I believe that loss, death and difficult times provide some level of emotional safety for people to express our hunger to give and receive love.  These times also allow individuals to mourn their own experiences of loss of love and loved ones alongside those who are mourning in the here and now.  Somehow men come more to the fore in times of calamities, as if somehow their very real reticence around the expression of love can be suspended in the face of those people who so openly manifest their grief and distress, and even more poignantly when the bodies of their loved ones cannot be found.  We have seen that sad phenomenon repeated many times when a father or son or mother or daughter went missing without trace in Northern Ireland.  Even when a body is unearthed over 30 years later, it brings a certain peace to those bereaved.

Great gratitude and appreciation need to be extended to all those individuals in Union Hall and beyond who pulled out all the stops to find the missing bodies and allow family members, relatives and friends to put the souls of their loved ones to rest.  People talk about this as drawing a closure around the tragedy, but I believe there is no such experience as closure around the loss – tragic or expected – of a loved one.  There is certainly a meeting of the need to have the body of the loved one laid to rest but one never truly gets over the death of a loved one.  What we do learn is to live with it and maintain the love connection that to my mind is both timeless and infinite.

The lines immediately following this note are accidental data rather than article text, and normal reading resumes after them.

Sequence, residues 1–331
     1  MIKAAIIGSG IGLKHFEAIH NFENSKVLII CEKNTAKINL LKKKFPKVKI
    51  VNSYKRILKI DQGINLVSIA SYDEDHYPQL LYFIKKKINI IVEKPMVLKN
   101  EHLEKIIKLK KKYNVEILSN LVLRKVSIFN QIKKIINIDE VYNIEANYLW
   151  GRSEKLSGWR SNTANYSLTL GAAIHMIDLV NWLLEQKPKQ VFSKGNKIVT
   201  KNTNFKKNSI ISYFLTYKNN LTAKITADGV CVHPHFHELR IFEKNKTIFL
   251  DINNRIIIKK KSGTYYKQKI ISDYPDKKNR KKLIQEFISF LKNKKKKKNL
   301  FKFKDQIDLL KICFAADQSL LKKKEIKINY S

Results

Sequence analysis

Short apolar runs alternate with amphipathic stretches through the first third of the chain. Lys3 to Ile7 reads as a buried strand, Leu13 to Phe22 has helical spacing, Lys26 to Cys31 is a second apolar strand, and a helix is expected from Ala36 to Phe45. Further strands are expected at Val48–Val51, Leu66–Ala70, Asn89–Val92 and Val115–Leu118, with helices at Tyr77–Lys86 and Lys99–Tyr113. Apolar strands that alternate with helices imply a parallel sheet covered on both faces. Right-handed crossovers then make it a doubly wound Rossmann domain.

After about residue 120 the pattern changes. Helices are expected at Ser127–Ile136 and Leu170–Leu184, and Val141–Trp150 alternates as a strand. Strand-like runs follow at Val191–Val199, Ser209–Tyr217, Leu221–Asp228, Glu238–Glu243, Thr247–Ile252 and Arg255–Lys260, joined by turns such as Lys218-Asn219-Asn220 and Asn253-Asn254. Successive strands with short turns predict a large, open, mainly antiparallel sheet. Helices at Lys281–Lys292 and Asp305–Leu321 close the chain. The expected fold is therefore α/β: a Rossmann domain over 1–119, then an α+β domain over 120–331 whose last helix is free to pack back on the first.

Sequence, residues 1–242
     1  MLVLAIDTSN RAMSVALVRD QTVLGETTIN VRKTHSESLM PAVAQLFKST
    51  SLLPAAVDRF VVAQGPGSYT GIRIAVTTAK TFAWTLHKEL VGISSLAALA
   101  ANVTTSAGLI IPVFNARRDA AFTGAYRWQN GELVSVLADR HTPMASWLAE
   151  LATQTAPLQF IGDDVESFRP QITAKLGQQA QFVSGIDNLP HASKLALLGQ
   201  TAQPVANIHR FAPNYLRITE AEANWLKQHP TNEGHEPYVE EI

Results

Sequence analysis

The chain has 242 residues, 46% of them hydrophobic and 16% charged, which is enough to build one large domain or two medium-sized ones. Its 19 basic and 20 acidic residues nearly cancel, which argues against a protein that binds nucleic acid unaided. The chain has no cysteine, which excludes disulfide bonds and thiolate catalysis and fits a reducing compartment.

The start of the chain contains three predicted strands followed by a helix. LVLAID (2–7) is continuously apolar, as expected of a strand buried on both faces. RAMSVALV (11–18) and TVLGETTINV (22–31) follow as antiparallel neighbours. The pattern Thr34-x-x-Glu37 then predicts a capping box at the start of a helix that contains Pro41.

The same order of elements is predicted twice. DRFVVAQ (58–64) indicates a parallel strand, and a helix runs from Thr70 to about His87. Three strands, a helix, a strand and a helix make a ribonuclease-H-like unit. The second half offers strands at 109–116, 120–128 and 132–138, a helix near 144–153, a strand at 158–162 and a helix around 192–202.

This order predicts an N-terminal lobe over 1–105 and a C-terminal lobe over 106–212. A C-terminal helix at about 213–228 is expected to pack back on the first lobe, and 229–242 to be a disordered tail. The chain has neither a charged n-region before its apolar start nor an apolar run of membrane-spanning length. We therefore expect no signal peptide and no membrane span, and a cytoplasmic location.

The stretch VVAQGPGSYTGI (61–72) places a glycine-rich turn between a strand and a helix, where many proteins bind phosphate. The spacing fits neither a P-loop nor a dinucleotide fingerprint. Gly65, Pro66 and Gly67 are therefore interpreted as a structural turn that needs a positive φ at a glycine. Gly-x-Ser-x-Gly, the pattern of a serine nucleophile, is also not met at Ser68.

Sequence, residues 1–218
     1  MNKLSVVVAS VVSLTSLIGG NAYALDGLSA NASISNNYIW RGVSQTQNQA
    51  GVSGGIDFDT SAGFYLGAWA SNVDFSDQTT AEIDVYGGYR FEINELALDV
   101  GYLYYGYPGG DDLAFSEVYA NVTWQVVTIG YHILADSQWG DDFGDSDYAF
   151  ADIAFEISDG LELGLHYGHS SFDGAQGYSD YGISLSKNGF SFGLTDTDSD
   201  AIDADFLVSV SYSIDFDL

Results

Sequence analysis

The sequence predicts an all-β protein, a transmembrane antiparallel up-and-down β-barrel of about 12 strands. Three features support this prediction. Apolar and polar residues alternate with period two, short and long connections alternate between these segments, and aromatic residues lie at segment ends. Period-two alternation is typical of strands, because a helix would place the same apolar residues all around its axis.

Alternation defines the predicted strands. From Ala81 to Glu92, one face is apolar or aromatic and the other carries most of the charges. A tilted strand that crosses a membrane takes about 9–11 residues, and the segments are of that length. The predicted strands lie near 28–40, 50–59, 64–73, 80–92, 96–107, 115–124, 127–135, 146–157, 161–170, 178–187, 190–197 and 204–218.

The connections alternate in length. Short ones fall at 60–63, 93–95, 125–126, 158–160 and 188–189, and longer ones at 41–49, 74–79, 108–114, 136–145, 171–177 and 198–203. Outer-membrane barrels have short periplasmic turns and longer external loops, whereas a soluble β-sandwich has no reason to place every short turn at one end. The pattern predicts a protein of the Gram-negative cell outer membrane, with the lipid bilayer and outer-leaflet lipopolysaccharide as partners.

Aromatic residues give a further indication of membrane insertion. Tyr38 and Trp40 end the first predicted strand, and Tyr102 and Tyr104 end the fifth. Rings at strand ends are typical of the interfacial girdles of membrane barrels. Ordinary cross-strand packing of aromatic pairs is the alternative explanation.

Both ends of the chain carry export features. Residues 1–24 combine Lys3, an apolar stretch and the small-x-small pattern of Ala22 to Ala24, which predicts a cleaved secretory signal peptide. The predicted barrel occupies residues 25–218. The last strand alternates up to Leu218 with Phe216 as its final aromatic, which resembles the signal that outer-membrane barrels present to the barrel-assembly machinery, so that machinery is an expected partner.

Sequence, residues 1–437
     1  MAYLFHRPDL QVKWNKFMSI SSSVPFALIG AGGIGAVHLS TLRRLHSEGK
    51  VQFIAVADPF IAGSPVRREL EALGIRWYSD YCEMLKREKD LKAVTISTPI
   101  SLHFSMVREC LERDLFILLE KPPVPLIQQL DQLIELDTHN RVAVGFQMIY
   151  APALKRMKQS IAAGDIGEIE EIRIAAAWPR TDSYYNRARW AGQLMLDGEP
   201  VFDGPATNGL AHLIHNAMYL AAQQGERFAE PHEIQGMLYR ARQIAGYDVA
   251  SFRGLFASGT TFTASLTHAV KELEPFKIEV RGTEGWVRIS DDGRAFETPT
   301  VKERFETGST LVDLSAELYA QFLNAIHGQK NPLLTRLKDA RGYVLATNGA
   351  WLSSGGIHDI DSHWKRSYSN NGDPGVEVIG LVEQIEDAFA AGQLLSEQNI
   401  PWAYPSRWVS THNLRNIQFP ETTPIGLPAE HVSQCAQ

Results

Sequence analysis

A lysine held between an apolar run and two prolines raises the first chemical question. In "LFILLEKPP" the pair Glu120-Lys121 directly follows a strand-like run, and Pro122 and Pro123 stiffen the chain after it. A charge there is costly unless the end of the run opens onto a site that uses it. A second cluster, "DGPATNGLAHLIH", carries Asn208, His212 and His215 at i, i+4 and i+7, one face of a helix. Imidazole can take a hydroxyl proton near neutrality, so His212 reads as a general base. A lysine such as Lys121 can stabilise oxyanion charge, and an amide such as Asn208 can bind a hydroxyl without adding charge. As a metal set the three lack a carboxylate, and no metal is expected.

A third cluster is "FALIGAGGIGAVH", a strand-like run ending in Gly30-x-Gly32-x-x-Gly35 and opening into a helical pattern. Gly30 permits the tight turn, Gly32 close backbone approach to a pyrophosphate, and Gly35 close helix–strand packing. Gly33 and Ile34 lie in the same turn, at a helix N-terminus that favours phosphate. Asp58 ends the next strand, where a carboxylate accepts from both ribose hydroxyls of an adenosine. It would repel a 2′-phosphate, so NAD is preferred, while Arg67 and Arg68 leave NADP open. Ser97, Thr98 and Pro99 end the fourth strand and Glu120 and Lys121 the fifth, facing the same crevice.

Marie Rilke, the German poet, says that “to love is to cast light”, while “to be loved means to be ablaze”.  Certainly, the love shown by individuals in Union Hall ‘cast a light’ not only on those who were suffering loss but on us all.   Equally – and not often appreciated – the very evident receiving of love by those who were so evidently bereft set us all ablaze.  There is a secret about human love that is frequently over-looked: receiving is much more frightening and scary than giving.  It has been touching to witness the love expressed and received so powerfully by all involved in the Union Hall tragedy.  The lesson for us all is not to wait for tragedy to be expressive of and receptive to love.

I am going to finish with a poem by Hafiz, which is quoted in a wonderful book by John Welwood, Perfect Love, Imperfect Relationships:

Jump to your feet, wave your fists,

Threaten and warn the whole universe

That your heart can no longer live

Without real love!

Dr. Tony Humphreys is a Consultant Clinical Psychologist, Author, National and International Speaker.  His book Relationship, Relationship, Relationship, Heart of a Mature Society is relevant to today’s column. 

Each Person is an Island

The saying ‘No man is an island’ masks a deeper and, indeed, an opposite reality – each person is an island (I-land). When a person knows and occupies her own island she brings a maturity and independence to a relationship – to partner, friend, colleague, child, neighbour and service provider.  This reality is contained eloquently in Martin Buber’s (German philosopher/psychotherapist) words: